CLEMSON -- Ask Clemson coach Tommy Bowden and he'd much rather start with a lesser opponent to gauge his team's readiness.
Ask Clemson's players, and there's no better opener for the No. 9 Tigers than 24th-ranked Alabama at the Georgia Dome on Saturday.
"I think everybody's saying, 'Oh, they don't deserve to be in the top 10. They always find a way to lose a game,'" running back C.J. Spiller said. "We've just got to go out there and prove them wrong."
There's no better way, the Tigers say, than defeating the Crimson Tide.
Clemson has a history of gagging on outsized expectations. In 2006, the team opened 7-1 and reached the top 10 before losing four of its final five.
A year ago, the Tigers' ended a 4-0 start with consecutive losses to Georgia Tech and Virginia Tech. When they rebounded with four straight victories to reach a showdown with Boston College for a spot in the Atlantic Coast Conference title game, the Tigers stumbled again in a 20-17 loss to the Eagles.
"It doesn't take a rocket scientist to look at the last couple of years and see three or four plays that kept us" from the Bowl Championship Series, receivers coach Dabo Swinney said.
Swinney said the near misses are a lot like when you can smell fresh-baked cookies in your kitchen, but can't find where they are.
"Everybody wants a cookie," Swinney said.
Clemson has most of its impact players back from a year ago, led by quarterback Cullen Harper and running backs James Davis and Spiller. The Tigers landed in the preseason top 10 for the first time since 1991 -- the year of their last ACC crown.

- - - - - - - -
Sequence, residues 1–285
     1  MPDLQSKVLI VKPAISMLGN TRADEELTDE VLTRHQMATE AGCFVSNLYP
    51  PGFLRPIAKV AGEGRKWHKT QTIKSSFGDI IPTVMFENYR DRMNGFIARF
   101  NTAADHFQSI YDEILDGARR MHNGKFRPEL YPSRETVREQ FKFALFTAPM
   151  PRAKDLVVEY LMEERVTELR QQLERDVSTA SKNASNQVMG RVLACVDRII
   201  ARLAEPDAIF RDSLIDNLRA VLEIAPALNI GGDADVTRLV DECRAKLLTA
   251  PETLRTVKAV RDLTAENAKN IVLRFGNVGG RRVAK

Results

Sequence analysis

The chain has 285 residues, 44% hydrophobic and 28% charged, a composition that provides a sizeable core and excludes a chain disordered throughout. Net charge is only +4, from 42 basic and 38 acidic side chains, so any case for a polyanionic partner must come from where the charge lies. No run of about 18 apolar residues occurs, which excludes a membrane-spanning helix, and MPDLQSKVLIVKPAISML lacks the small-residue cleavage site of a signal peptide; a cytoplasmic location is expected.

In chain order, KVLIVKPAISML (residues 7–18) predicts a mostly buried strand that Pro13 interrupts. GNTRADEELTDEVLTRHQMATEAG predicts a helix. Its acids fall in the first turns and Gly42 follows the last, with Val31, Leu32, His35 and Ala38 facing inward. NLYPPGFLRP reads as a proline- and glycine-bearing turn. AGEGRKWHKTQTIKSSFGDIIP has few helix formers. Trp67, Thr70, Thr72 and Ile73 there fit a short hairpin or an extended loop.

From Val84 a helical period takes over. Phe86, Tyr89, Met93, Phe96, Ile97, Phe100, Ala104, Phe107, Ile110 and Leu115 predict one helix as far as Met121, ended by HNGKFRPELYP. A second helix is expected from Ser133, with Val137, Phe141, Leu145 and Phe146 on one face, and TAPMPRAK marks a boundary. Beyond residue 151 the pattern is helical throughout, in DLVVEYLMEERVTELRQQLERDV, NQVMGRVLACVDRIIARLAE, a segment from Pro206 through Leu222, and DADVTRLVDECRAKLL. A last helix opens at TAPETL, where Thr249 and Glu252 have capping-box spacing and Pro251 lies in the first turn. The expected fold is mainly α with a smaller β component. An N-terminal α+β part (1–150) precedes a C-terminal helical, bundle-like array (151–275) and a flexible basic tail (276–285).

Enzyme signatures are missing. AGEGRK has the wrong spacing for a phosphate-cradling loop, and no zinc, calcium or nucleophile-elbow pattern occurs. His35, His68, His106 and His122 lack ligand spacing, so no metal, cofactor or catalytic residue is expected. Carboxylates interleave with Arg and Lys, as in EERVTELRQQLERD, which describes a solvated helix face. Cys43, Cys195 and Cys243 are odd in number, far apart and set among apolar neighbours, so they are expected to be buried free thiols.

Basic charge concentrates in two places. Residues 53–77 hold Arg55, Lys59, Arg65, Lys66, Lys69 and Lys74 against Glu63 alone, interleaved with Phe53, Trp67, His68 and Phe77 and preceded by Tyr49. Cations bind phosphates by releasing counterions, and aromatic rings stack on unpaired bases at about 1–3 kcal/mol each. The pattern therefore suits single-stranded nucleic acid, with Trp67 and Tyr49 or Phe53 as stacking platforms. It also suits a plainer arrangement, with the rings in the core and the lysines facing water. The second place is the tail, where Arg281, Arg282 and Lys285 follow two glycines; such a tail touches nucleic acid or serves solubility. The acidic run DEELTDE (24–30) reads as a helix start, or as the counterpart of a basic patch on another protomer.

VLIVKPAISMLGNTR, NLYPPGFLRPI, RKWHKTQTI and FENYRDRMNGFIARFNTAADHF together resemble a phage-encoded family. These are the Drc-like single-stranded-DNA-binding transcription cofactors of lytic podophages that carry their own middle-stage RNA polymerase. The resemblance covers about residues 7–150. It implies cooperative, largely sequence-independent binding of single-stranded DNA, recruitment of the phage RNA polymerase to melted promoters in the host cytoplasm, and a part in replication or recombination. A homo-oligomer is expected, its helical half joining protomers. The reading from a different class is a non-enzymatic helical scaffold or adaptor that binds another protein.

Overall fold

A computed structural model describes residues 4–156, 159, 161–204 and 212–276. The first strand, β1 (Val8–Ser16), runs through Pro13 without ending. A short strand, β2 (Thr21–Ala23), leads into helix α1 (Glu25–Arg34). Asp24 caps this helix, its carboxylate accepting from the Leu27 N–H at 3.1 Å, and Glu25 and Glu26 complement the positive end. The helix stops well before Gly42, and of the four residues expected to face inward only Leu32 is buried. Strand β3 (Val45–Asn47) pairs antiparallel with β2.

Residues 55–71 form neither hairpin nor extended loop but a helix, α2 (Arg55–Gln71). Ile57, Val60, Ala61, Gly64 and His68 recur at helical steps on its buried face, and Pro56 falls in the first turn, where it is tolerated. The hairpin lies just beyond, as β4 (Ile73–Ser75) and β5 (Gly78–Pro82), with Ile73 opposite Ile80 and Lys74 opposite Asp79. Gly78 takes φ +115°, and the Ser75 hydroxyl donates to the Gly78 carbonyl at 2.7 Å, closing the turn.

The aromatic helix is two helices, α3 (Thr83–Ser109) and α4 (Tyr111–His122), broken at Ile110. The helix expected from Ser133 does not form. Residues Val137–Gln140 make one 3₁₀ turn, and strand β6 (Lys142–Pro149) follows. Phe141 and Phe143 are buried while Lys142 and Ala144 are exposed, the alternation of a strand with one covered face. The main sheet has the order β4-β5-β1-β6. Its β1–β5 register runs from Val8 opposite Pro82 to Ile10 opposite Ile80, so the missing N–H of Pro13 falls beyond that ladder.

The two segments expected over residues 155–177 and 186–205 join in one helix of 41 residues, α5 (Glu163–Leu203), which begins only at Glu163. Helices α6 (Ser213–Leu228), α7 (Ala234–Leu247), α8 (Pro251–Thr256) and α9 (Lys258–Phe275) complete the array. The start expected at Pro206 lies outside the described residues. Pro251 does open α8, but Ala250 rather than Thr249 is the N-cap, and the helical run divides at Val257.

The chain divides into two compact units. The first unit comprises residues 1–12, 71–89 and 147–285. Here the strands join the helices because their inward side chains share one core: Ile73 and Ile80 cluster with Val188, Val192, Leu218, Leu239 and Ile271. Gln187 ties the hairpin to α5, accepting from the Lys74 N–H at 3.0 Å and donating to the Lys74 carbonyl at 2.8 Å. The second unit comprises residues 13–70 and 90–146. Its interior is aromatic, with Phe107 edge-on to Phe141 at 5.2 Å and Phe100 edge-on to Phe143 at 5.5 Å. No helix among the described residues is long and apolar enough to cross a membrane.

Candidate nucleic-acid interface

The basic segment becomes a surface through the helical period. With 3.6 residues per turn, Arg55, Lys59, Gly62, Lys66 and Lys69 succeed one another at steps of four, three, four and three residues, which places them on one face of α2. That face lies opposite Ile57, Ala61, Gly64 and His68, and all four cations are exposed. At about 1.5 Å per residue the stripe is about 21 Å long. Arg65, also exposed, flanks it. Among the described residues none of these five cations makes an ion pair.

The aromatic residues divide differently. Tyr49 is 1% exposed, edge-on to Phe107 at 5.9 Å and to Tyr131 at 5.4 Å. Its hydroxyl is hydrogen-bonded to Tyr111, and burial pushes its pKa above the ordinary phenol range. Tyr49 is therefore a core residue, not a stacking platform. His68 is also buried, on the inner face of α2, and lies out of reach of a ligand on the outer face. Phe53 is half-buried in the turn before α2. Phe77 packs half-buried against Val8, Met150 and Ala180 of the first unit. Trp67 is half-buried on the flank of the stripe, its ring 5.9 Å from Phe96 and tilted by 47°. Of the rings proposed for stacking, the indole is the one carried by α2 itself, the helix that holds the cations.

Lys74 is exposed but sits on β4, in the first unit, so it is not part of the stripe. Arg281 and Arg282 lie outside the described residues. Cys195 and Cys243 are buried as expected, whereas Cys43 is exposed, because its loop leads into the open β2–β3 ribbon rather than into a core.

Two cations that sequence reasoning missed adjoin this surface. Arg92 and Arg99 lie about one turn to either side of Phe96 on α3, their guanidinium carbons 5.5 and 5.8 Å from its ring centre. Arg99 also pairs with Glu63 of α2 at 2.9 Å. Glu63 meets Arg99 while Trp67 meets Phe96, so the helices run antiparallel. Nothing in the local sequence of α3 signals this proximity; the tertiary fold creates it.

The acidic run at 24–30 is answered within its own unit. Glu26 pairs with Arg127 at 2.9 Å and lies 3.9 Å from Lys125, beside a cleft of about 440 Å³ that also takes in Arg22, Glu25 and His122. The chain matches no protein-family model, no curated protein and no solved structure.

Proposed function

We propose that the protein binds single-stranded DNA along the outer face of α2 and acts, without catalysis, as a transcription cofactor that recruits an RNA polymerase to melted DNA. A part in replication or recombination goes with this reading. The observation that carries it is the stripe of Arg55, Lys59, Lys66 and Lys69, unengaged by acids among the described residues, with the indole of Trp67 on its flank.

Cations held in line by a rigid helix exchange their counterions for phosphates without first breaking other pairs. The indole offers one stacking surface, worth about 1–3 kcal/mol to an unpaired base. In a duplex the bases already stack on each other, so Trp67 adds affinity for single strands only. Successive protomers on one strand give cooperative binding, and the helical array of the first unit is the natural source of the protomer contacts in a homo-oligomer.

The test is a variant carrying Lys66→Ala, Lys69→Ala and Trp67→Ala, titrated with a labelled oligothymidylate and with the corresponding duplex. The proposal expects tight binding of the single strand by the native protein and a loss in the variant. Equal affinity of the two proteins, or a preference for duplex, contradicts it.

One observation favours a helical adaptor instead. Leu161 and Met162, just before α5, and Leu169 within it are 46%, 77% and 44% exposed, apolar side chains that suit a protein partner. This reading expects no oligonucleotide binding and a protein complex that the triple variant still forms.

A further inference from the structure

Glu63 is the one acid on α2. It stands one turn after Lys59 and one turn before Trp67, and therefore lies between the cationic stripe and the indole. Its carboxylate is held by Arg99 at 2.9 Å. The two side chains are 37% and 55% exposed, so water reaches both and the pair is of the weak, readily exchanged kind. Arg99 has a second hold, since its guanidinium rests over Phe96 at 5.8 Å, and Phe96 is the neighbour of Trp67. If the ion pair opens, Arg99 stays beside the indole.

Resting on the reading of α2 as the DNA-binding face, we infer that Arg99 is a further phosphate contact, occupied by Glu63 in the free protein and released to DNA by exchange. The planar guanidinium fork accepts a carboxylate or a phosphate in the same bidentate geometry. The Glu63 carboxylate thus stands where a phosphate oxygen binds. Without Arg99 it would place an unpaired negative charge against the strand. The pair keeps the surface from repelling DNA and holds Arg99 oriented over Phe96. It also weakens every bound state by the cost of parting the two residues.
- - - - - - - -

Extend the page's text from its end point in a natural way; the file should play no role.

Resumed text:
Anticipation for success is rampant. And the Tigers can get things started right with a win over Alabama, defensive back Chris Chancellor said.
"We don't want any cupcake team to open up," he said. "We need to know where we stand right now. Our goal is to win the national championship."
Bowden appreciates his team's confidence. He's got some worries about their ability, though. Despite all the skill players back, the Tigers will start just one offensive lineman who started the regular-season finale against South Carolina.
Clemson is also without its top four linebackers from a season ago.
The Tigers survived a pressure-cooker first game a year ago, beating nationally ranked Florida State 24-18 on a Labor Day night showcase.
When the Alabama opportunity came up, Bowden weighed the exposure and opportunity for his program against the potential for a flat performance.
And whatever the outcome in Atlanta, Bowden said his biggest job may come next week. A victory would raise Clemson's profile immeasurably, while a defeat would reinforce the perception that the Tigers and their coach can't win the big ones.
Bowden wants his team to keep calm either way. The Alabama game has no effect on the ACC race.
"Monday's meeting with the team will be awfully important, one way or another," Bowden said.
There's no doubt which way Clemson's players hope it turns out. There are few bigger chances to mark themselves as legitimate college football contenders.
"Everybody's aware of what's at stake," Harper said. "We want to put Clemson on the map."